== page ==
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We Can Handle the Truth, And We Must: Restoring Transparency and Trust in Our Democracy

We Can Handle the Truth, And We Must: Restoring Transparency and Trust in Our Democracy

By: Monica Plawecki, SMSBF Staff Writer

With the outcome of the 2020 presidential election now decided, many of us have been able to breathe a temporary sigh of relief in an otherwise tense time in our nation’s history. Yet even as voters have chosen a new President to lead our country through the ongoing pandemic, the past few weeks have nevertheless ushered in a flurry of chaos – chaos that’s been in the making for several years.

For months prior to the election, President Trump propagated disinformation about the reliability of the nation’s electoral processes; in particular, he claimed mail-in balloting is wrought with fraud. Since the election, the Trump administration has filed one frivolous lawsuit after another in an ongoing failed string of attempts to invalidate election results. None of these actions – the disinformation campaign and the lawsuits – have any creditability; they have no basis in fact and defy rational thinking. And while the Trump administration will continue to challenge election results, taking up time attempting to undermine long-standing traditions, it’s highly unlikely these actions will prevent President-elect Biden from assuming office as the 46th President on January 20, 2021. Nevertheless, we should be concerned about the dangerous precedent set by the current federal administration, an administration that has repeatedly failed to disclose critical information, denounces long-respected media outlets as “fake news,” and continues to tout disinformation as truth.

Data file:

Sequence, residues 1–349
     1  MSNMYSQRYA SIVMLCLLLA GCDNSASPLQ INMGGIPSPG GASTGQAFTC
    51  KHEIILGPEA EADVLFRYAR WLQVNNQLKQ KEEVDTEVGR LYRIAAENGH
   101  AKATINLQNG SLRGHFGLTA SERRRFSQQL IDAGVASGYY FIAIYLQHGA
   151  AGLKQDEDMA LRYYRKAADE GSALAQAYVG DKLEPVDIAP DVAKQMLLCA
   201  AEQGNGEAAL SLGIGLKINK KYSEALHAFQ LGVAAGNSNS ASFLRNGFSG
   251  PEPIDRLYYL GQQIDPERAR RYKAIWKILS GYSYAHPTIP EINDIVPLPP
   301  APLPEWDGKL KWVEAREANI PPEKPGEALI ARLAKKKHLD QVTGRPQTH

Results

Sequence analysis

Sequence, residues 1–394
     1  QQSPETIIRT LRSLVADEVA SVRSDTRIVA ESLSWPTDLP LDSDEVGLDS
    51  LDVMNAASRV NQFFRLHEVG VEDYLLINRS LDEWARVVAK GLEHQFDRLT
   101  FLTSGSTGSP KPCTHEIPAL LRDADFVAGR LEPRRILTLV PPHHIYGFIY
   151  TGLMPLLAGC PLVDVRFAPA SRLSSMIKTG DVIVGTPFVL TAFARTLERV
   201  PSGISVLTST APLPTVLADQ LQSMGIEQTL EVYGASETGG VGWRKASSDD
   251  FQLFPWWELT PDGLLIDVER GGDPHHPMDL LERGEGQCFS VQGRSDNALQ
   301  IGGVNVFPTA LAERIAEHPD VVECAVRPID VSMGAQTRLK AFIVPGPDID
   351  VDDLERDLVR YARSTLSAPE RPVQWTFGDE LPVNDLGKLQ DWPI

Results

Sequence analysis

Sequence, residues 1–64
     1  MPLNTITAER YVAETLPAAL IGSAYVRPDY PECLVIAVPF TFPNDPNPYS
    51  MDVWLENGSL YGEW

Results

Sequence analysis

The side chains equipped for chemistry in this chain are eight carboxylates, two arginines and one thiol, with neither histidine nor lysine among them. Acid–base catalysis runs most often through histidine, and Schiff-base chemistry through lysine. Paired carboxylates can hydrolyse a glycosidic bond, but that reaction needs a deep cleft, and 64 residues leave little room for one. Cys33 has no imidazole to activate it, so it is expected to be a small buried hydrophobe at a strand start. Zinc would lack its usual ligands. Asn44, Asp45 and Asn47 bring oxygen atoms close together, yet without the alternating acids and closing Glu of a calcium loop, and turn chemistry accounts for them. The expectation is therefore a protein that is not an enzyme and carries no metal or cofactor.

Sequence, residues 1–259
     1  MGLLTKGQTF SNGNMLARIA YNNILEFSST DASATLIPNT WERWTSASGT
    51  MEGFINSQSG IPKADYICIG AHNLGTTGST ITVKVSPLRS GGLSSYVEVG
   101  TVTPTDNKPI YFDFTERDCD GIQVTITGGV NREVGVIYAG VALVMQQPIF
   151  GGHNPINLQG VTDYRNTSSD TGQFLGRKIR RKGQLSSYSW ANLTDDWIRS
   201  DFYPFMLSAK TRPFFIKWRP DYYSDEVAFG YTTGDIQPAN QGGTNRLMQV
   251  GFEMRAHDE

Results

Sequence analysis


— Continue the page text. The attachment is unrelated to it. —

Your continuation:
So where do we go from here?

While there isn’t an easy path ahead of us, we believe,  — to maintain our democracy and overcome the disinformation campaigns that undermine our faith in our democratic process —  we need to hold our leaders accountable for truthfulness and transparency, and seize this moment as a time to rebuild trust. Just as businesses thrive when trust among employees and transparency is at the forefront, the future of our democracy also relies on trust, transparency, and truth-telling–not fringe conspiracies, QAnon forums, and the self-serving lies of thin-skinned politicians.

The Importance of Honesty and Transparency in Private and Public Sectors

 

In private enterprises, transparency is the “degree to which information flows freely within an organization, among managers and employees, and outward to stakeholders,” which ensures that employees at all levels of an organization have correct and clear information to work efficiently and respond to changing stakeholder needs. (Harvard Business Review) Transparency and communication are essential in everyday business operations, but especially emergency situations, where access to up-to-date information and open exchange between employees can prevent leaders from making mistakes.

 

Leaders who exemplify transparency cultivate trust among subordinates, who are more likely to “put themselves on the line to help their leaders achieve goals.” (Harvard Business Review) What’s more, a company’s commitment to honesty and transparency helps their bottom line by boosting brand reputation and its customer base. It should come as no surprise that customers are more likely to frequent businesses they trust, with one study even suggesting that “94% of consumers would be loyal to a transparent brand.” (Forbes) In short, a “culture of candor” is good for the employees that make up a business’ organizational structure and for the company’s profits. (Harvard Business Review)